You may have picked up that I said I was a born-again Christian. This means that I not only accept by faith the salvation that comes from Jesus, but I have given my life to him. He is my Lord and Savior. I strive to live my life to honor him and live in his strength and mercy.

I would hope the readers would seriously consider Christianity, but my purpose in writing this post is to get you to ponder your death and your future in eternity. Perhaps you disagree with me about Christianity, but in any event take the time now to think about what will happen after your death. If you are not sure of where your soul will go, or if you have doubts about what you have believed up to now, ponder eternity. Now is the time to look for a faith that works for you. Now is the time to change your life in a way that will impact how you spend eternity. Do not just stumble through life, and at death find yourself spending eternity in a place of punishment.

As for me, Christianity offers me the path to heaven. You are free to look for other paths, but the Bible says it is the only path.

Regardless of your religious beliefs, now is the time to consider how you will spend eternity. A sudden death could leave you spending eternity where you do not wish to be. Remember, eternity is a long time. While you are at it, you may also wish to ponder for a moment if you really believe your choice of religion. There is time to reconsider now, but not after death.

Reynold Conger is an author of fiction. He writes his books to entertain, but they are written from a Christian perspective. For information about his writing, go to Reynold Conger.com.

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Merry Christmas

Tis the season to be jolly. Among other things, we wish each other a merry Christmas. Yes, I know it is politically correct to say Happy Holidays, but that takes all the punch out of it. We could say that about any holiday, for example, groundhog’s day. There is something special about this time of year, Christians are celebrating Christmas and Jews are celebrating Chanukah. Both of these religious celebrations honor the God that is the basis of both Judaism and Christianity. Our Christmas season derives from these.

Being a born-again Christian, I wish that all people were Christian. To me the meaning of Christmas is that God sent Jesus to Earth as a baby to live among men. Jesus is an example how to live righteously, our teacher and our savior. Christianity make my life richer.

Our Christmas holiday, however is enjoyed also by non-Christians, agnostics and even some atheists. So I can wish a merry Christmas even to those who ignore the religious significance of the season because I wish them to enjoy the secular celebration of the season. I do wish my Jewish friends and other Jews a happy Chanukah and most of them wish me a merry Christmas in return. Even though they are celebrating Chanukah, they are part of the greater Christmas holiday.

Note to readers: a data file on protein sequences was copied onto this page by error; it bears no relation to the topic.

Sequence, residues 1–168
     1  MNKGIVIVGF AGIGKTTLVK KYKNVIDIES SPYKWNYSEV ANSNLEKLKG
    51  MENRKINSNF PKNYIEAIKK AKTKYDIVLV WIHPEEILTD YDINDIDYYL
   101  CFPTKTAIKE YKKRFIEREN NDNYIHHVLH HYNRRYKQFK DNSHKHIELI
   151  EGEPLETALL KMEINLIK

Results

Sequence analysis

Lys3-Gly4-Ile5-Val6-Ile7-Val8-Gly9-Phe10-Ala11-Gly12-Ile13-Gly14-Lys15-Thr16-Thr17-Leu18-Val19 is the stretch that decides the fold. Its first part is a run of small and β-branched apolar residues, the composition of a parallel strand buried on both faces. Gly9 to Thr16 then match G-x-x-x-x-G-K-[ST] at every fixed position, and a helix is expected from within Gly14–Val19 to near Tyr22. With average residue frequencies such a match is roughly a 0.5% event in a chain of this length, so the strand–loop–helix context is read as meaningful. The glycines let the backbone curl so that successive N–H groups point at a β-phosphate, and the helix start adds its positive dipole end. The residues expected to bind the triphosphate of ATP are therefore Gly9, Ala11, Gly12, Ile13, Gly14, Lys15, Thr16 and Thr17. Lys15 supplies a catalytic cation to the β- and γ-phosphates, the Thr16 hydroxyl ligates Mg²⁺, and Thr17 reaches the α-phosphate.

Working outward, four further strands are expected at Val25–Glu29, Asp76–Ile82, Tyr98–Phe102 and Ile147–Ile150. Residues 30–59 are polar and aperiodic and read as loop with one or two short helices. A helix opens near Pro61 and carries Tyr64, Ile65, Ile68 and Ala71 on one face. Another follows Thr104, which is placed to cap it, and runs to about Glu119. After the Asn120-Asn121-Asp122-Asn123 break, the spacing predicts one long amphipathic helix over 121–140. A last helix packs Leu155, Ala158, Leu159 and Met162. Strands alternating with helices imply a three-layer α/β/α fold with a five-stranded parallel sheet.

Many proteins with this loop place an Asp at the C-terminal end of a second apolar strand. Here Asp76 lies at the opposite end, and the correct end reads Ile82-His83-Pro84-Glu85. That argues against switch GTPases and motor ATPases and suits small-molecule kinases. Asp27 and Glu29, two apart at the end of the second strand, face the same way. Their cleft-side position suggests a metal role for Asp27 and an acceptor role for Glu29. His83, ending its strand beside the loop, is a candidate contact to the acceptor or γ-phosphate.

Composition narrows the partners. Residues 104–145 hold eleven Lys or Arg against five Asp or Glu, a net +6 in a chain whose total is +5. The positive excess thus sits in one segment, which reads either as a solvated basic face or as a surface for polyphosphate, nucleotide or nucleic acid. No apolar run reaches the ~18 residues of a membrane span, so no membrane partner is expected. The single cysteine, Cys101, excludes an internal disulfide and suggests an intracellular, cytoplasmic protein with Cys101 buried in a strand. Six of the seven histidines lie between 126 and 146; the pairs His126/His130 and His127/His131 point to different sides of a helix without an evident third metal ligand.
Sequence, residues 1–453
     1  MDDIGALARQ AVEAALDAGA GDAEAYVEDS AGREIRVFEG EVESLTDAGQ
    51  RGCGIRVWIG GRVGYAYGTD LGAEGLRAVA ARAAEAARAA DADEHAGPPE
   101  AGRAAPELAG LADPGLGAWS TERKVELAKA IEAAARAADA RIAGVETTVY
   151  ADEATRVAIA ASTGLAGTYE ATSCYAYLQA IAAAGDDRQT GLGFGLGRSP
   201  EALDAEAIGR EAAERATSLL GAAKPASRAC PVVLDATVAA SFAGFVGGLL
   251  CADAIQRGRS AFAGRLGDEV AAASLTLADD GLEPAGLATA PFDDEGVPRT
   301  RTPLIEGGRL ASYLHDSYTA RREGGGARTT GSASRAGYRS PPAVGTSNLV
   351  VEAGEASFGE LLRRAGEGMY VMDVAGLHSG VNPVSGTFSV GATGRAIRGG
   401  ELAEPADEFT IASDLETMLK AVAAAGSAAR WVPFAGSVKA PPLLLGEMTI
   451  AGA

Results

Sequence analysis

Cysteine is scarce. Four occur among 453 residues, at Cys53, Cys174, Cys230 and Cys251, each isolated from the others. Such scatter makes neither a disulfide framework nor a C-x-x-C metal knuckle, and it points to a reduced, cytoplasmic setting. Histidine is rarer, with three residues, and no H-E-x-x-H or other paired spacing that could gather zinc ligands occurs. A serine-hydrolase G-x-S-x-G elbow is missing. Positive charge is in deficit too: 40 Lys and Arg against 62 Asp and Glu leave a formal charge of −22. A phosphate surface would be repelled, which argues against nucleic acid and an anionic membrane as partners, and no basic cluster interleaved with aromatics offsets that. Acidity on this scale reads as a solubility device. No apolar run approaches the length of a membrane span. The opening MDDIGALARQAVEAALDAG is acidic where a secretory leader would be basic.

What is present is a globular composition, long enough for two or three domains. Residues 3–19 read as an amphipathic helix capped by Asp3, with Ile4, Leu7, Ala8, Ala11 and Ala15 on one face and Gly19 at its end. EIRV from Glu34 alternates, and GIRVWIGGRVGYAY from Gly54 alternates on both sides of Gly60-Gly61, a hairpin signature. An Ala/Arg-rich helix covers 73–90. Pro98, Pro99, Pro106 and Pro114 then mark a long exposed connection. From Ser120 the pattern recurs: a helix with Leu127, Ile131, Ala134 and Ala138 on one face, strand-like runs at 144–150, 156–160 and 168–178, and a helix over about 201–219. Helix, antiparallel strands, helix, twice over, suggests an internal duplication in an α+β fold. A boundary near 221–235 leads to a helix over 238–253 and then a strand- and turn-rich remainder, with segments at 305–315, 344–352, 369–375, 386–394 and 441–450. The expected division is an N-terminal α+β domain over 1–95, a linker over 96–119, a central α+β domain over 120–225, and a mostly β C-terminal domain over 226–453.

Whether you are religious or not, please celebrate Christmas (or Chanukah) and help to spread the good will of the holiday.

 

Reynold Conger is a published author. For information about his books, go to ReynoldConger.com. 

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Do My Friends Get in Stories?

Every now and then, in a joking way, I tell my friends to be careful lest they end up as characters in my next book. Of course the same applies to my enemies, but they are seldom around to hear me give the warning.

There has to be consideration of libel laws, character assassination and loss of friendships, but most writers write about what they know. We write about people we see or meet, but who would we know better than our friends and our enemies?

Over the years I have written more than 20 manuscripts, mostly for practice and my own entertainment when on consulting assignments in foreign countries. I can only think of two manuscripts in which I directly recorded physical and personality characteristics of friends on the printed page. When I wrote My Knight in Shining Armor, I memorialized my late college friend who died in Vietnam. I not only used his real name, 2nd Lt. George Stivers, but tried to give him the same personality as he had displayed in college. My concept was to bring him back from the dead through literature to enjoy his chosen career and have a chance for romance with the girl of his dreams.

The other time was after I had been at my 40th reunion. All the writing coaches advise us to write about what we know so I wrote about a reunion caught in a crisis. As I wrote, it was a little startling to see my classmates come to life on the computer screen. I did change most of the names, but I suspect that any of my classmates could have read the manuscript and correctly identified most of the characters. Perhaps it is just as well I never published that manuscript. At my age, I am losing too many friends to death. There is no need to make any of the survivors angry.

As it turns out, my friends and relatives do populate my stories. I have not used any of my enemies, but several of my enemies would make good villains. My technique is to merge several personalities into one character. A character, I will call Dave may have Sam’s physical appearance, but John’s personality with a few of Sam’s habits thrown in. Dave may be a combination of Sam and John, but he will take some action that Charles once did. So is the character, Dave, taken from Sam, John or Charles?

As I flesh out a character, I usually find that none of my friends are exactly what the story needs. That is why I merge personalities together. I get richer characters, custom made for the plot in which they must function.